Wal-Mart Stores Inc. reported slight upticks in revenue and profit in its first quarter, but the retail behemoth still missed Wall Street’s expectations and watched its stock suffer in morning trading.
The Bentonville, Ark., mega-chain blamed higher payroll taxes, delayed income tax refunds and bitter weather for less-than-stellar performance in the quarter ended April 30.
Wal-Mart customer tend to be especially sensitive to such changes -- which Wal-Mart Chief Executive Mike Duke in a statement called “considerable headwinds to top-line sales.”
While on a conference call with analysts, he even mentioned that the company had experienced the “latest snowfall in the history of Arkansas reporting” at its headquarters during the period.
Net income crept up 1.1% to $3.8 billion. Earnings per share rose 4.6% to $1.14 -- a disappointment to analysts who had expected $1.15 a share.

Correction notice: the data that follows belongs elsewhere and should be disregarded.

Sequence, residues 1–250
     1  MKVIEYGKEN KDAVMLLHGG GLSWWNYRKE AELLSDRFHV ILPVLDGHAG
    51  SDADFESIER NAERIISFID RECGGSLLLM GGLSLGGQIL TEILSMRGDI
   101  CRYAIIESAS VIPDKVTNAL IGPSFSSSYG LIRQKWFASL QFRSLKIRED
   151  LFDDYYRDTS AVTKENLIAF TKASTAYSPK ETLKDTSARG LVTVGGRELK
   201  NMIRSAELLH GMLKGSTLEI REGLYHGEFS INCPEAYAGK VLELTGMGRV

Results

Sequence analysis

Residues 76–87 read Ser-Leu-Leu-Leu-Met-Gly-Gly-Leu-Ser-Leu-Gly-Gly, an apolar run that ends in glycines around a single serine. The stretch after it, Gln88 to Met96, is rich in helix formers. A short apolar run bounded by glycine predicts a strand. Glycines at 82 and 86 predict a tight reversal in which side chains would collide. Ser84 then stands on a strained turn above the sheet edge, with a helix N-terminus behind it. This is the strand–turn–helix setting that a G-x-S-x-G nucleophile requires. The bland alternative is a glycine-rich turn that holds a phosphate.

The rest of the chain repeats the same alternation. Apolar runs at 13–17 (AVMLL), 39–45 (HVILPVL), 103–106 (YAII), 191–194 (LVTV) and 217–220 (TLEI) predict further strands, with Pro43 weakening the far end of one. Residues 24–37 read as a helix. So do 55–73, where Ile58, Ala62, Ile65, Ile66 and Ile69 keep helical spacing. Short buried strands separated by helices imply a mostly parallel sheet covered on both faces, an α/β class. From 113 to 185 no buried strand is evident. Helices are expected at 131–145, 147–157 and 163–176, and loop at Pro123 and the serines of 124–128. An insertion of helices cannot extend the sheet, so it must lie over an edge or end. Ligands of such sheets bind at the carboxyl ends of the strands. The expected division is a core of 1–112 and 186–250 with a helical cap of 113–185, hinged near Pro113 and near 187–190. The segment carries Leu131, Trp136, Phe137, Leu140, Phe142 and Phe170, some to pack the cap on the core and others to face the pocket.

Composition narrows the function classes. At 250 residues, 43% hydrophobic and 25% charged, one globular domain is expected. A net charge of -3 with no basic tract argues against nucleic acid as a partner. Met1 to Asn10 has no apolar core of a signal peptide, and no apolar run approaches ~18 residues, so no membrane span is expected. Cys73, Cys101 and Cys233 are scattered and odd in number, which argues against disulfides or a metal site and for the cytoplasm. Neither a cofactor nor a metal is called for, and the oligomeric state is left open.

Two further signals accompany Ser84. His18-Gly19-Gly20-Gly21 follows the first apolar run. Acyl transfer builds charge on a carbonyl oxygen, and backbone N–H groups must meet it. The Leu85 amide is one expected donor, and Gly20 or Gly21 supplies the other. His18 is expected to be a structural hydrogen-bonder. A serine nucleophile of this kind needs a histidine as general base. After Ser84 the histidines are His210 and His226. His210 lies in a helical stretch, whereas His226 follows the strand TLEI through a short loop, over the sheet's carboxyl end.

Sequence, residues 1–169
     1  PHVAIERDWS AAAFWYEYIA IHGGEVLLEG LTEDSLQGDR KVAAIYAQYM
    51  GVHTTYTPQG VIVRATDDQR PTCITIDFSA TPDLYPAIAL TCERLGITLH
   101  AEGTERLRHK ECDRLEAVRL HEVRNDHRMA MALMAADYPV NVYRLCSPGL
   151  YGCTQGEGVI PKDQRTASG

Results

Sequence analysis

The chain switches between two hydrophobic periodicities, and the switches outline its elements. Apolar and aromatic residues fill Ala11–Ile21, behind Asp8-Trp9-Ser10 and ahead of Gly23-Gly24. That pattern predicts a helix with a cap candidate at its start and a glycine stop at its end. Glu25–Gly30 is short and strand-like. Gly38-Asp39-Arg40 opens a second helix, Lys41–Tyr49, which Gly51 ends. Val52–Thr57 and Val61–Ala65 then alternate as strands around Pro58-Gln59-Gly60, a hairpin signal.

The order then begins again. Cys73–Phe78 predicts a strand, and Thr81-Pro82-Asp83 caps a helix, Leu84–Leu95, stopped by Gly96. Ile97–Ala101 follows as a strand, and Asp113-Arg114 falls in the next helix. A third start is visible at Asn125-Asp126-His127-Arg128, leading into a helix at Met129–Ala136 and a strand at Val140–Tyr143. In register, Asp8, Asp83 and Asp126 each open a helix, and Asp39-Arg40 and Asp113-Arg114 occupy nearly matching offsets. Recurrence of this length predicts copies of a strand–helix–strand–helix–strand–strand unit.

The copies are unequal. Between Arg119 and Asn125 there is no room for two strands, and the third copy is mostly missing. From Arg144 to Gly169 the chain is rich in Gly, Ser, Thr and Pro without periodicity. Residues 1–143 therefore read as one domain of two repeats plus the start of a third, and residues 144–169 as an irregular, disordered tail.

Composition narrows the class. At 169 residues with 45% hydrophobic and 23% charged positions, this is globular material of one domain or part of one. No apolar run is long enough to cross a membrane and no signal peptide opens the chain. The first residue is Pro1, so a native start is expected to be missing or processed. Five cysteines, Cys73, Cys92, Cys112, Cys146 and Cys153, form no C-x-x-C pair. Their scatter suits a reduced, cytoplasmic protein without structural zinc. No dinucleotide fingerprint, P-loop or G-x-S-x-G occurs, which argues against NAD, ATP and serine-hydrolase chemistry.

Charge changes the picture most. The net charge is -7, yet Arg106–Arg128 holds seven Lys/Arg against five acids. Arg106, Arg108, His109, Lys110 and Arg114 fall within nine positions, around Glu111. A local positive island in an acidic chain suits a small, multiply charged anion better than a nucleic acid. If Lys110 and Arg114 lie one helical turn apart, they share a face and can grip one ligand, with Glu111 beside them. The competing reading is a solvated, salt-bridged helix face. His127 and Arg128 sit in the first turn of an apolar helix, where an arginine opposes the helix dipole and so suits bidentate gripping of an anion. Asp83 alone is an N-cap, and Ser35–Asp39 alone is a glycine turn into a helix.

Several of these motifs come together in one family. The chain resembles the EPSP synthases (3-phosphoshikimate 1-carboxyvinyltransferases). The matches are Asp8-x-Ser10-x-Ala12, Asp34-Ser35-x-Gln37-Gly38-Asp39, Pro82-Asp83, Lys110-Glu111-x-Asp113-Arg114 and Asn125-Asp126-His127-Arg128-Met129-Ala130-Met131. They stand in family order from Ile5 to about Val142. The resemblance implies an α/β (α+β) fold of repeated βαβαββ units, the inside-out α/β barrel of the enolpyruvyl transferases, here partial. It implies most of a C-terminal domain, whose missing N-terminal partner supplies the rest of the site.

Revenue at the giant discounter swelled to $114.2 billion, a 1% boost from the same period a year earlier (which had an extra day because of the leap year).
But same-store sales -- which measure sales at locations open at least a year -- caught Wal-Mart off guard. The company had expected the gauge to be flat; instead, excluding fuel, it slid 1.4%.
“Frankly, we had a more difficult quarter than expected,” Duke said in the conference call. In mid-session trading, the retailer’s stock was down 2.1% or $1.65, to $78.21 a share.
Still, Wal-Mart was optimistic. Online sales grew more than 30% compared to the year-earlier period. Same-store sales are expected to increase from flat to 2% in the current quarter, though the growth will be smaller than the 2.2% expansion during the second quarter of 2012.
The company runs 10,857 stores in 27 countries. After a bribery scandal in Mexico last year, the company continues to boost its worldwide compliance programs, Duke said.